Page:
Emotions, Mobilization and South Asian Politics.
Amelie Blom, Stephanie Tawa Lama-Rewal.
Believing staunchly on anything compels one to act and react for it.
It was only emotions aroused by Mark Antony against the murderers of Julius Caesar that killed the conspirators by the Romans in revenge of their beloved Caesar!!
It is emotions, sweet or bad, that plays a very important play in any sphere of life.
How politics and political life could be exception to it which is nothing in itself but a game of emotions!
The politics of South Asian countries, India, Pakistan and Bangladesh are more intense and emotional than the other world countries. There is less politics but more emotions where all, leaders and followers, are emotional.
The book in discussion analyses tries to parameter the role of emotion in the South Asian politics of these countries.
The three specific questions analysed in the book are, the role of emotions in the South Asian politics, converse of this question what happen when emotionally charged people mobilized by it, thirdly the protest-culture or the protest-ethos of these three South Asian countries.
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The 14 chapters divided into 306 pages explores the different aspects of this emotional phenomena of politics.
The starting chapter lay the founding thesis of “emotions”, positive or negative and their contribution to political process and development of a country.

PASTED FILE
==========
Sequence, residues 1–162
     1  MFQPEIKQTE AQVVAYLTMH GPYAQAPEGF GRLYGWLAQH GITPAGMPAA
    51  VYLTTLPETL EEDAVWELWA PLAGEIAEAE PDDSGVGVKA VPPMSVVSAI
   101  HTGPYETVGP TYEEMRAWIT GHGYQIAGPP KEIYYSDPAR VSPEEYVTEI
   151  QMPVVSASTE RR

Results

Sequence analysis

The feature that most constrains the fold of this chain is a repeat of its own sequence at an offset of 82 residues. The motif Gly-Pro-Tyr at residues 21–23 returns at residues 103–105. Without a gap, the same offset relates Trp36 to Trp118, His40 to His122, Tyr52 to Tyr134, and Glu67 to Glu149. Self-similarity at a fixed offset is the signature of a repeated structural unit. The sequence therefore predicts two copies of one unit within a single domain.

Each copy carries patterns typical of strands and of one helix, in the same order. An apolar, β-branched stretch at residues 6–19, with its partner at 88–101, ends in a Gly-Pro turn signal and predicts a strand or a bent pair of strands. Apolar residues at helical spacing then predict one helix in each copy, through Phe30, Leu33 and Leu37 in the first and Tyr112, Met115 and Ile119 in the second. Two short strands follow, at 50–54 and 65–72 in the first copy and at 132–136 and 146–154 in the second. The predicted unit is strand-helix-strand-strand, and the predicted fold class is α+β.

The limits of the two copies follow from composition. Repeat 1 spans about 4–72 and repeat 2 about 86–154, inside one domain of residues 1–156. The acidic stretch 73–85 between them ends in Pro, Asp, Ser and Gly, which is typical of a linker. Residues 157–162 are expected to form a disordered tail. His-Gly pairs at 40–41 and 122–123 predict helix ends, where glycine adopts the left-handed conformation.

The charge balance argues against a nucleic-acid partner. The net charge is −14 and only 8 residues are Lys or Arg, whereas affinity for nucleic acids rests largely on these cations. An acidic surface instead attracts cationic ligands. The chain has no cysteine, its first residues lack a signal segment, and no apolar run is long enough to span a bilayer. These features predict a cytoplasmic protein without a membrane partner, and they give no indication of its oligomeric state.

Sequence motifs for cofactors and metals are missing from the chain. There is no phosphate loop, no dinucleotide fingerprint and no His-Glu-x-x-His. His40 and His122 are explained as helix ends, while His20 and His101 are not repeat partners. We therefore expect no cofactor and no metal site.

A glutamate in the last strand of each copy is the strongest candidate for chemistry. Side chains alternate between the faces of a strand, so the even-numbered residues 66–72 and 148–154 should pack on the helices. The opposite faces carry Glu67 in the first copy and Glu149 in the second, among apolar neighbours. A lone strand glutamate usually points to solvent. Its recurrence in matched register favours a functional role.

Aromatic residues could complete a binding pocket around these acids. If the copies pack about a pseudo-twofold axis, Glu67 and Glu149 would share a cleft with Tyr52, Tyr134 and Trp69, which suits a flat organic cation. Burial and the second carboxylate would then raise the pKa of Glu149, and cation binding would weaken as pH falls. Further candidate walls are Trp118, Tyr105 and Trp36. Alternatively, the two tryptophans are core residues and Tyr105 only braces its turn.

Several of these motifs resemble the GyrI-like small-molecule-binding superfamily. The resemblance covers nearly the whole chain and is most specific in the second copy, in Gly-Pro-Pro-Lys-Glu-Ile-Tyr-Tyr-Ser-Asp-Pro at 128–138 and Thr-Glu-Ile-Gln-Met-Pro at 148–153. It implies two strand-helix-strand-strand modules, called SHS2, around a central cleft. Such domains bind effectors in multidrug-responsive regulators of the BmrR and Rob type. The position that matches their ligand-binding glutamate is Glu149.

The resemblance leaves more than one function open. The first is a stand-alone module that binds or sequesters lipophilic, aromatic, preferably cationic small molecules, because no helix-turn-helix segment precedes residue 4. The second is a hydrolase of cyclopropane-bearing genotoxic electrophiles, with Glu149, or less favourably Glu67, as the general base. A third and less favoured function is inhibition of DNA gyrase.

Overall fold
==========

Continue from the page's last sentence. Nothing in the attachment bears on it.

The next chapter dives deep why and how the context or background of an event and social norms of that society affect or modulate the role of emotions in politics of South Asia.
How and why emotions are used in politics, for a specific cause which also include and exclude a community from the political spectrum of that country is the core topic of 3rd chapter.
The 4th chapter interviews and analyses a former Pakistani militant Jihadist of 1990s and his raison detre for joining the militant organization for Jihad.
The 5th one dissect the dichotomy of rationality and emotion through the analysis of crowd behaviour or psychology by referring to the communal riots of Northern India, 1886 and the Kanpur riot of 1913 and Gandhi’s stress on political self-control or asceticism.
The poetry has always been a cogent tool in arousing emotions whether of love and beloved or for a political cause, its utility could not be easily denied.
This is the topic of 6th chapter which focuses on Urdu poetry and its use in the Pakistani politics for protest.
The story of AASHA movement in Pakistan is dealt with in the 7th chapter of the book. The passing of Anti-Harassment laws in Pakistan in 2010 and the travailing path of getting these laws passed in Pakistan was a nerve raking struggle with state and its bureaucracy.
The Delhi Jansunwai and its utility and futility after 2011 in dealing with some critical issues has been discussed in the 8th chapter. The Jansunwai is something akin to the South Asian Panchayat, Jirga or Commune system for resolving and articulating on the issues faced by the dwellers of the area.